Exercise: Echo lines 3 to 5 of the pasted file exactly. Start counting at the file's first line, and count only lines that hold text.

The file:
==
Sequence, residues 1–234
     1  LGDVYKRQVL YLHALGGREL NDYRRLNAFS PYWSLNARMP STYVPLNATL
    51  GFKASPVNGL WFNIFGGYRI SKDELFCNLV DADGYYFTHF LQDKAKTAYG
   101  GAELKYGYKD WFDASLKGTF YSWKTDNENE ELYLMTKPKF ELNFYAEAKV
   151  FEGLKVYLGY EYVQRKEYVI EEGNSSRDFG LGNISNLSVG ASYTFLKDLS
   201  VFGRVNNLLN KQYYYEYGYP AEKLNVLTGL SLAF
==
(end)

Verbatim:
    51  GFKASPVNGL WFNIFGGYRI SKDELFCNLV DADGYYFTHF LQDKAKTAYG
   101  GAELKYGYKD WFDASLKGTF YSWKTDNENE ELYLMTKPKF ELNFYAEAKV
   151  FEGLKVYLGY EYVQRKEYVI EEGNSSRDFG LGNISNLSVG ASYTFLKDLS